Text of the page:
The successful development of literacy skills is crucial, and early intervention (EI) is valuable since it can support this process by promoting the preemptive identification of children that are at risk of becoming struggling readers and addressing their problems without isolating them from peers. In early childhood education, EI may find reflection in preschool music programs that promote phonological and reading-related skills through exposure to sound, which allows for fostering critical abilities, such as speech recognition and short-term memory, and making preliminary conclusions about learners’ potential future challenges with writing and reading. Since positive attitudes to instruction are crucial, other common uses of EI, for instance, peer-assisted learning, possess a unique value because they encourage struggling students to observe high-performing classmates’ approaches to decoding the meaning of written texts but do not make them feel excluded or different from peers.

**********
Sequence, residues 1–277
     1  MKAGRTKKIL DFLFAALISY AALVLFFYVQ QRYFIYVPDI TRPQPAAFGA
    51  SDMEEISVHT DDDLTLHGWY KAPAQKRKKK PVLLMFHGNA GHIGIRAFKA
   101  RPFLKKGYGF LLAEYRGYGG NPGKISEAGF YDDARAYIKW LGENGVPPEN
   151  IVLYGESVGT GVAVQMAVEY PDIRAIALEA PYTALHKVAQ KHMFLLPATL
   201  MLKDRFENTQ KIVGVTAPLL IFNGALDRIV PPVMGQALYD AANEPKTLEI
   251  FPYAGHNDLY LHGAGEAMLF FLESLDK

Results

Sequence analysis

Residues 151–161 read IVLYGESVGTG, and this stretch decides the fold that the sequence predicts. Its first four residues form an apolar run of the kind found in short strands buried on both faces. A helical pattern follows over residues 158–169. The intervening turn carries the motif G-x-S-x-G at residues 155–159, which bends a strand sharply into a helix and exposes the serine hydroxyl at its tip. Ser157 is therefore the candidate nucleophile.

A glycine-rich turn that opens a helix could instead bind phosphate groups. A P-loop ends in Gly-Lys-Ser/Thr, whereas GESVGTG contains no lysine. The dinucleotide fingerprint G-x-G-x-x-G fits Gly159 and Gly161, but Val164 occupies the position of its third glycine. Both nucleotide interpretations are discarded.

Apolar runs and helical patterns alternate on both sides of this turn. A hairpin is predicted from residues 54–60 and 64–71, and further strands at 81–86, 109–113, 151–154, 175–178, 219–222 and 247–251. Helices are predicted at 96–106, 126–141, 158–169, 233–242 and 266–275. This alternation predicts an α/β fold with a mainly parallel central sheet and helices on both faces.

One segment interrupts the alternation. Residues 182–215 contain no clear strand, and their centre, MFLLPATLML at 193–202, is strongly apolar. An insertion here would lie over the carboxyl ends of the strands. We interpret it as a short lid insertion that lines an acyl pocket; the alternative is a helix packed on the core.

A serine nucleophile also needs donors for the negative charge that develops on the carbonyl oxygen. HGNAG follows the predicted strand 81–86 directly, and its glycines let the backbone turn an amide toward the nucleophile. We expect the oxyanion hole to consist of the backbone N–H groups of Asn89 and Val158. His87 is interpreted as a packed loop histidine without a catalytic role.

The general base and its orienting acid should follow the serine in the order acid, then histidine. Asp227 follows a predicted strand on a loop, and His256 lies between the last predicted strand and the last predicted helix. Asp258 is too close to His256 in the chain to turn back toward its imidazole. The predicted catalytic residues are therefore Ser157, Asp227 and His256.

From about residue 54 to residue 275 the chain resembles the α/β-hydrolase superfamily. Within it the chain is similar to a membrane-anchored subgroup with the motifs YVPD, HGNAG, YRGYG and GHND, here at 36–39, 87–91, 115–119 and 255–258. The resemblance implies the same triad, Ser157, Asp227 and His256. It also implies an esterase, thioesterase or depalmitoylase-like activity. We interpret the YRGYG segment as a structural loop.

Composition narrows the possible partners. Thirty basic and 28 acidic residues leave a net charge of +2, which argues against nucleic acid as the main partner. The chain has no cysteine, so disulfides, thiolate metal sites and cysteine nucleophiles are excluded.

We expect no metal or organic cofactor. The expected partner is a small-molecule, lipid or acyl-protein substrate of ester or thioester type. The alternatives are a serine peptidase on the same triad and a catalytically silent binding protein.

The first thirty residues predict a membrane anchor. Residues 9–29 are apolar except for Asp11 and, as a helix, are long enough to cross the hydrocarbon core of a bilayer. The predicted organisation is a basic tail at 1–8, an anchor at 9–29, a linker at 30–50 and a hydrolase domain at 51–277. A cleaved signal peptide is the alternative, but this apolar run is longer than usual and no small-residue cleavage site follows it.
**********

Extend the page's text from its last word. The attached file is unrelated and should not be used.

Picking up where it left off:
Therefore, EI related to literacy development facilitates timely identification of literacy challenges without educational stratification. Sharing unpleasant news regarding students’ literacy development with parents can be challenging and requires the demonstration of compassion by giving encouraging advice. For instance, from my practice, the teacher can identify the need for extra support by spotting the child’s insufficient ability to read and pronounce their own and others’ names correctly. However, professional expertise is required to distinguish between issues peculiar to language use and anxiety-related challenges, such as selective mutism. To show compassion when communicating such findings to families, I would conduct a private conversation with parents and describe the problem without overstating the case. Instead of sharing disappointing projections, I would give them some encouragement by expanding on the opportunities to provide additional support in the classroom and at home.